The TMS presents the Brimacombe medal as a mid-career award that recognizes individuals with sustained excellence and achievement in business, technology, education, public policy, or science related to materials science and engineering and with a record of continuing service to the profession. The recipient must be a current professional member of TMS, have been a member for at least five consecutive years, and may not reach his/her 50th birthday by December 31 of the year in which the initial nomination is made.

Brown holds a PhD in theoretical and applied mechanics from the University of Illinois at Urbana-Champaign and is a leader in the field of dynamic behavior of materials. He joined the Laboratory as a Director’s Postdoctoral Fellow in 2003. His research has spanned fracture and damage of complex heterogeneous polymers and polymer composites for energetic, reactive, and structural applications including crystalline phase transitions, plasticity, dynamic loading conditions, and self-healing materials.

Brown is a Fellow of the Society for Experimental Mechanics and has received numerous awards for his technical achievements in solid mechanics and materials science from the DOE-NNSA, LANL, the Society for Experimental Mechanics (SEM), The Metals Minerals and Materials Society (TMS), the Materials Research Society (MRS), American Society for Composites (ASC) and the University of Illinois.  He is founding Editor-In-Chief for the Journal of Dynamic Behavior of Materials, is an executive board member of TMS, and is on the editorial board for the Journal of Strain Analysis for Engineering Design.  He has over 100 publications with 6,300 citations. Technical contact: Eric Brown

James Foley

James Foley

James Foley chosen for the Alexander Scott Distinguished Service Award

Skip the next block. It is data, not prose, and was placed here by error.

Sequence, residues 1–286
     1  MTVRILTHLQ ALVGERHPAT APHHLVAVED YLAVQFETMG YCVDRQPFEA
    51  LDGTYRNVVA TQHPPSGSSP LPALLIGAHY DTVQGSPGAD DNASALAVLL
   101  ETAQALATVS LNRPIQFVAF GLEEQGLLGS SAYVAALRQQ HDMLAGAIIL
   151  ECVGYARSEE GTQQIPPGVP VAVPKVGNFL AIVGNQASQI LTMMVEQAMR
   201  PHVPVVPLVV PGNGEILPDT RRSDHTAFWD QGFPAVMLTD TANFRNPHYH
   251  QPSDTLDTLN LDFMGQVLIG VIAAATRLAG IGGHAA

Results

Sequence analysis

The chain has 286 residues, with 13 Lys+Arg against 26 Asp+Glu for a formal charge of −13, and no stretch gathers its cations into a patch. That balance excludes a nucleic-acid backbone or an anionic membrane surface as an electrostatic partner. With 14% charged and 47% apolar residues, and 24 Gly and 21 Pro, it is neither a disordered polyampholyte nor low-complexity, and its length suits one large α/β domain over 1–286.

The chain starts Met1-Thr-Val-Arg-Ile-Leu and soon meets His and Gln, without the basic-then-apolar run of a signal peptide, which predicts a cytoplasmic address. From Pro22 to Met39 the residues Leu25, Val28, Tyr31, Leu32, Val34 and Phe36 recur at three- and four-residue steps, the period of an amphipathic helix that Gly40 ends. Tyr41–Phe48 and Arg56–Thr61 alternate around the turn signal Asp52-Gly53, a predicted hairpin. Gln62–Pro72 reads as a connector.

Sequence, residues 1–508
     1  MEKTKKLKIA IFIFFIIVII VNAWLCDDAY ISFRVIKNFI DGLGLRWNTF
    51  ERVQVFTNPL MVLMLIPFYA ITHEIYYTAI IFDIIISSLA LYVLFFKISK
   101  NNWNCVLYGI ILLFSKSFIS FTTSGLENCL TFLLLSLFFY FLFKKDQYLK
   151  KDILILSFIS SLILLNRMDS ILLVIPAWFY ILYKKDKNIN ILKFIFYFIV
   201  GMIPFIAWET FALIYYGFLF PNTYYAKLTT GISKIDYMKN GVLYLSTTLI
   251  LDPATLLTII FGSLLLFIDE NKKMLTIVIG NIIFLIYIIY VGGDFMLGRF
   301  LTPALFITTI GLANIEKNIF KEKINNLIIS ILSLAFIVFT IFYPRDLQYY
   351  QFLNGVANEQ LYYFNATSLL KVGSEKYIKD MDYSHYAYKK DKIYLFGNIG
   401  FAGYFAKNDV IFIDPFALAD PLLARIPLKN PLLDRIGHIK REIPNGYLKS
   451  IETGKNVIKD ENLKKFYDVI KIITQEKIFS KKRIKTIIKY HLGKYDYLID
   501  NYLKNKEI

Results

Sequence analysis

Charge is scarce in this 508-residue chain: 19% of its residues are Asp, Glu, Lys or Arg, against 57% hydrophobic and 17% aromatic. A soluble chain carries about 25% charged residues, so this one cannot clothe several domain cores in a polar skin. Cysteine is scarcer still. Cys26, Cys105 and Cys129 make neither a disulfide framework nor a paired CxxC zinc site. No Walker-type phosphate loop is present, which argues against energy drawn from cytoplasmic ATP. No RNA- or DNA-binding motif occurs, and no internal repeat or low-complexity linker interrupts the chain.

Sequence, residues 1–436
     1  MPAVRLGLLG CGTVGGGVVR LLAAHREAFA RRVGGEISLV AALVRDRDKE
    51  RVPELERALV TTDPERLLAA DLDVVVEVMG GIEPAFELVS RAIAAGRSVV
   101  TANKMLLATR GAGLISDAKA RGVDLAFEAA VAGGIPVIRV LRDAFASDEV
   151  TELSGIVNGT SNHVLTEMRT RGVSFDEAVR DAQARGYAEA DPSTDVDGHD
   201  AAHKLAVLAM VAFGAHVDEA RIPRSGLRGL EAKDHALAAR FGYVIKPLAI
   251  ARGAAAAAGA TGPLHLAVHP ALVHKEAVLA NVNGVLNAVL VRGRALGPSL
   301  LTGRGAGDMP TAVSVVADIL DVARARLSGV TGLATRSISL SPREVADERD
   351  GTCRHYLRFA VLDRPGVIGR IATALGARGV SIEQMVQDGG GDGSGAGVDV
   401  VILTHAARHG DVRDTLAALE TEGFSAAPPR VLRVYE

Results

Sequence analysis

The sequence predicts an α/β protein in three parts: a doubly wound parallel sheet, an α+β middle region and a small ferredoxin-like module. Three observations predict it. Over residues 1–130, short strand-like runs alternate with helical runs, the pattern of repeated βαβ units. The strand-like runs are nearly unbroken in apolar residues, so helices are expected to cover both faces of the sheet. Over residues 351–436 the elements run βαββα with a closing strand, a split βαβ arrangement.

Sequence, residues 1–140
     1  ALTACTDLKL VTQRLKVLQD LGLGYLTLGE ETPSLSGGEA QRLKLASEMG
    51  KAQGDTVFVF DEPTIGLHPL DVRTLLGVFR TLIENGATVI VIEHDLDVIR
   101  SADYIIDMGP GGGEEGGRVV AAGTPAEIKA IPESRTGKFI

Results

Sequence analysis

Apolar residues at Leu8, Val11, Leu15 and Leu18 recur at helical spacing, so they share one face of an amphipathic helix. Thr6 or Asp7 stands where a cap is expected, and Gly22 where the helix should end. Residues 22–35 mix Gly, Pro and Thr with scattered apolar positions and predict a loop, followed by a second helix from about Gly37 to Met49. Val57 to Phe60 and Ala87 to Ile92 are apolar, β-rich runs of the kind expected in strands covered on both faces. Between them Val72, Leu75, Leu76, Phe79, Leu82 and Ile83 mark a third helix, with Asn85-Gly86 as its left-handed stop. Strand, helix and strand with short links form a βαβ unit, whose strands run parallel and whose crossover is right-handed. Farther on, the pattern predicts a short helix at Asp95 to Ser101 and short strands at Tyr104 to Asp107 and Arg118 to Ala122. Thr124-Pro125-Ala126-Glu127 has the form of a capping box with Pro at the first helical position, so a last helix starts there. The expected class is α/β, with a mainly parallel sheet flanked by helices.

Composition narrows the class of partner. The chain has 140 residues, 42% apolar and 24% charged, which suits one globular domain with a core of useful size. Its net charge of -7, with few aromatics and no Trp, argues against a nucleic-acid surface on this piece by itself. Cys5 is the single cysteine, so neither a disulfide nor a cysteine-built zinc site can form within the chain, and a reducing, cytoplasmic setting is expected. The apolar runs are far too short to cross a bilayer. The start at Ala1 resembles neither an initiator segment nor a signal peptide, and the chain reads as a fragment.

The TMS cited Foley for “dedicated and sustained service to TMS and its members, particularly to improvements in the quality of programming at TMS annual meetings and at Materials Science and Technology conferences."

The award is named for Alexander R. Scott, who served as executive director of TMS from 1973 until 2008. The annual award recognizes a member’s devotion of time, effort, thought, and action to further TMS’s mission through administrative and functional activities. It is usually presented to an individual for 10 or more years of TMS service in areas ranging from membership development to student chapters, and education and professional affairs.

Foley earned a PhD in metallurgical engineering from the University of Wisconsin at Madison. He began working as a postdoctoral fellow at DOE’s Ames Laboratory in Iowa before coming to Los Alamos in 2003. Foley leads Sigma’s Characterization and Special Projects team, which conducts microstructural analyses of materials not containing plutonium. His research focuses on alloys, beryllium, lead-free soldering, and powder metallurgy. Foley holds a U.S. patent for nanocrystal dispersed amorphous alloys. He was a trustee of AMS International from 2012-2015. He served on the TMS board twice, contributed to several committees, and advanced TMS programming. Technical contact: James Foley

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Ning Xu chairs American Chemical Society Central New Mexico Local Section

Ning Xu

Ning Xu

The American Chemical Society Central New Mexico Local Section has elected Ning Xu (Actinide Analytical Chemistry, C-AAC) to be Chair-Elect for 2017 and Chair for 2018.

Xu holds a Ph.D. in chemistry from the University of Kentucky. She joined the Laboratory in 2006 after working for the EPA National Risk Management Research Laboratory. Xu is an expert on analysis of trace elements in plutonium and uranium for nuclear forensics and material certification, and has received numerous awards for technical innovations that have reduced the environmental, safety and health impact of actinide analytical chemistry. She has received a NNSA Best-in-Class, Sustainability Champion Pollution Prevention Award for her work.

ACS Local Sections are geographic chapters that enable members to connect with other chemists and chemical engineers in the region, affect change in communities through outreach to schools, and contribute to public understanding of chemistry through community events. The Central New Mexico Section covers a 10-county region of Central and Northern New Mexico and serves ACS members who work or study at major institutions including the University of New Mexico, Sandia and Los Alamos National Laboratories, New Mexico Institute of Mining and Technology, New Mexico Highlands University, and the State of New Mexico.

With nearly 157,000 members, the American Chemical Society is the world’s largest scientific society and one of the world’s leading sources of authoritative scientific information. A nonprofit organization chartered by Congress, ACS is at the forefront of the evolving worldwide chemistry enterprise and the premier professional home for chemists, chemical engineers and related professions around the globe. Technical contact: Ning Xu